Tricaine mesylate

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Tricaine mesylate
Tricaine.png
Systematic (IUPAC) name
Ethyl 3-aminobenzoate methanesulfonic acid
Clinical data
Legal status
?
Identifiers
CAS number 886-86-2 YesY
ATCvet code QN01AX93
PubChem CID 13454
ChemSpider 12878 N
Synonyms Metacaine
Tricaine
MS-222
Finquel
TMS
Chemical data
Formula C10H15NO5S 
Mol. mass 261.296 g/mol
Physical data
Melt. point 149.5 °C (301 °F)
 N (what is this?)  (verify)

Tricaine mesylate (Tricaine methanesulfonate, TMS, MS-222), is white powder used for anesthesia, sedation, or euthanasia of fish. TMS is the only anesthetic licensed in the United States for fin fish that are intended for human consumption. The drug can have selective toxicity for poikilotherms due to their lower rate of metabolism in the liver.[1]

TMS is a muscle relaxant that operates by preventing action potentials.[citation needed]By blocking action potentials, no signals can be exchanged between the brain and the extremities. There will be no sensory input or muscle contractions which would have been caused by action potential, which includes most muscles.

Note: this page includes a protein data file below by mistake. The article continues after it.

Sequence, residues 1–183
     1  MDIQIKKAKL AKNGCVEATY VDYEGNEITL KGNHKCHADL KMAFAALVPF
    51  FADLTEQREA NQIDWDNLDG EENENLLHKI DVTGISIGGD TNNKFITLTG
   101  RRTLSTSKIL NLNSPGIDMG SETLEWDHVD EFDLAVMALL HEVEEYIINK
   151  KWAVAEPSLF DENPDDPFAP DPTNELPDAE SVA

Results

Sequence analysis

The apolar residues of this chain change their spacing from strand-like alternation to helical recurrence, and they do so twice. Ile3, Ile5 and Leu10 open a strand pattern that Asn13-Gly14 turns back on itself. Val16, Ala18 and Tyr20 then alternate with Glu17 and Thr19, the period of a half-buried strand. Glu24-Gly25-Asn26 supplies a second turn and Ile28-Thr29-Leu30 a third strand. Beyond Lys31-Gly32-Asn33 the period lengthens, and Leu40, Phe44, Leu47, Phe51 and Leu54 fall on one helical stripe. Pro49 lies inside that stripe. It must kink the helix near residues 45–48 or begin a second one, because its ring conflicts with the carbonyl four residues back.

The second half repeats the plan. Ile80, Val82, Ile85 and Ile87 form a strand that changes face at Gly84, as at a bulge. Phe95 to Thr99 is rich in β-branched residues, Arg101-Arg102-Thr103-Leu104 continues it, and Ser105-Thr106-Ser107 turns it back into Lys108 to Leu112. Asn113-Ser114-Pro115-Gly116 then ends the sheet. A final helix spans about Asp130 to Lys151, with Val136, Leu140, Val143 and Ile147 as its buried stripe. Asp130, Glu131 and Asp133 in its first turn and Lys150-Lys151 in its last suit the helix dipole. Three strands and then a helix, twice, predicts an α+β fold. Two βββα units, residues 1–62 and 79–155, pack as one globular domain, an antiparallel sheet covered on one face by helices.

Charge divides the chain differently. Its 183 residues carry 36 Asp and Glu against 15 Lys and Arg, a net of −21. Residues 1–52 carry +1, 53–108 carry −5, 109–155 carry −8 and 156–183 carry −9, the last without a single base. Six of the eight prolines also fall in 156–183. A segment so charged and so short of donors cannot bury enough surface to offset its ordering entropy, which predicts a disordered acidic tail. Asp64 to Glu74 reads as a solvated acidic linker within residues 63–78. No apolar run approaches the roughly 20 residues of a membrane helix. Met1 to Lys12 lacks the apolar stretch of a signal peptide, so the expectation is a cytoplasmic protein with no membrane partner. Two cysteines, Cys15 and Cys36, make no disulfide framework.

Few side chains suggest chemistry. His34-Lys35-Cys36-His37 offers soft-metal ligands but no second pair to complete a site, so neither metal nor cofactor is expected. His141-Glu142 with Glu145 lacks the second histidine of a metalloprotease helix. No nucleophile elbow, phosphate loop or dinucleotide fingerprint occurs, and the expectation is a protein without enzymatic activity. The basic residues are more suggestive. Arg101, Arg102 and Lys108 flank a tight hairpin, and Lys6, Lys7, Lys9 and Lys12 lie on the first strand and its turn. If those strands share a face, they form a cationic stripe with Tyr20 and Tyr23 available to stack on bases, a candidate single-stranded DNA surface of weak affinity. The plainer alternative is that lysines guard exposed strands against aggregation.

The optimum concentration used is 50-75 ppm (parts per million).[citation needed] However, the optimum may vary with the size and species of the fish, and other variables.

It is easily soluble in water (both fresh and salt) but it drastically decreases the pH of water, increasing the acidity, which may be toxic for fish. Sodium bicarbonate can be used to buffer the solution to a pH range of 6.5-7.5. Usually an equal amount of buffer is added to attain a neutral pH.[2] In salt/marine/sea water, the buffer use may not be necessary because sea water itself has buffering capacity.

The solution of TMS needs to be prepared freshly each time because TMS is light-sensitive and might form toxic by-products upon exposure to light.

References[edit]

  1. ^ Wayson KA(1976)."Studies on the comparative pharmacology and selective toxicity of tricaine methanesulfonate: metabolism as a basis of the selectivity toxicity in poikilotherms."J Pharmacol Exp Ther198(3):695-708. [PMID 185356]
  2. ^ http://www.research.cornell.edu/care/documents/ACUPs/ACUP306.pdf